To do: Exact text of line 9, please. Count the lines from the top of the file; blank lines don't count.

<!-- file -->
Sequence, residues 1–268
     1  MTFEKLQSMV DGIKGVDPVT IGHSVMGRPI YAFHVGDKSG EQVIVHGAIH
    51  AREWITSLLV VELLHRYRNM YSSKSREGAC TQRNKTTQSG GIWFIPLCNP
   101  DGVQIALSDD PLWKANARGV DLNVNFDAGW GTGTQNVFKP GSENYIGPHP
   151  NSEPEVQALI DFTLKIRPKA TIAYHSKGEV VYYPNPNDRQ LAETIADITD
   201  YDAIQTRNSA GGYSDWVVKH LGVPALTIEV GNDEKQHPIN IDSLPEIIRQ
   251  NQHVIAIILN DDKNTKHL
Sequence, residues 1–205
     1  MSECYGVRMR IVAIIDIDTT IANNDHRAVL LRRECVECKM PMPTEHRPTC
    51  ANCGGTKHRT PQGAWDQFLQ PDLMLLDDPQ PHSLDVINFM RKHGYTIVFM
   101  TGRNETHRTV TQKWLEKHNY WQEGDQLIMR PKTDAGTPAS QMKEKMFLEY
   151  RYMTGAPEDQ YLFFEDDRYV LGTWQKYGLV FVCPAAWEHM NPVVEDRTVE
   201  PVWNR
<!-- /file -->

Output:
     1  MSECYGVRMR IVAIIDIDTT IANNDHRAVL LRRECVECKM PMPTEHRPTC